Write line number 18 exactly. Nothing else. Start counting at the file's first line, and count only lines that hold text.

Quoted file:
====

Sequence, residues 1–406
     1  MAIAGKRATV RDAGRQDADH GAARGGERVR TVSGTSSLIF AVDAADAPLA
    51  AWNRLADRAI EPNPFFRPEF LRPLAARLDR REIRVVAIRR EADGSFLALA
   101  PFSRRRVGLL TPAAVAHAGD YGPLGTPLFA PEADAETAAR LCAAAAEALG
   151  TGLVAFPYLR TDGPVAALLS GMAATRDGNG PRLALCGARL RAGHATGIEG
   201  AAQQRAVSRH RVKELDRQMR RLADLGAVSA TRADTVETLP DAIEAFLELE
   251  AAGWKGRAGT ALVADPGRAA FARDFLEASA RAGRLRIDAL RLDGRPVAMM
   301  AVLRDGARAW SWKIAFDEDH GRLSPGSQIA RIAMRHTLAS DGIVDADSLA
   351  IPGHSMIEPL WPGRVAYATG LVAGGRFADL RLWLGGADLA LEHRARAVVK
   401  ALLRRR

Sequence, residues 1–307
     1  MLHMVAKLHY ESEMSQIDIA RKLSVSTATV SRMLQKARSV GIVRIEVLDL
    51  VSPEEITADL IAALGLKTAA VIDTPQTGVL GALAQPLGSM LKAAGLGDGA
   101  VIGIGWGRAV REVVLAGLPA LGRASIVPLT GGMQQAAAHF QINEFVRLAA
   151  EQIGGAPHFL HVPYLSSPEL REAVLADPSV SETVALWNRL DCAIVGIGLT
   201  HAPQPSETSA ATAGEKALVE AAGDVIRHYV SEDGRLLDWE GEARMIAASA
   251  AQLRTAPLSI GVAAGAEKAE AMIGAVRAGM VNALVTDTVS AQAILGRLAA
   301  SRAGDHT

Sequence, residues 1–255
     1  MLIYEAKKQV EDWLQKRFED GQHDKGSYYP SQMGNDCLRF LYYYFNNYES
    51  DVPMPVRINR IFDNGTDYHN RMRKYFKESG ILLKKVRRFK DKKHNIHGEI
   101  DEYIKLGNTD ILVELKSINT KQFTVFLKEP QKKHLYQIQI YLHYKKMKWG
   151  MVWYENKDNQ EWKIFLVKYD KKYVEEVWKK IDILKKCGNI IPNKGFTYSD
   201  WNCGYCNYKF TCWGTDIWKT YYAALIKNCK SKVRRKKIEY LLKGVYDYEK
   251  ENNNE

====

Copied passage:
   301  SRAGDHT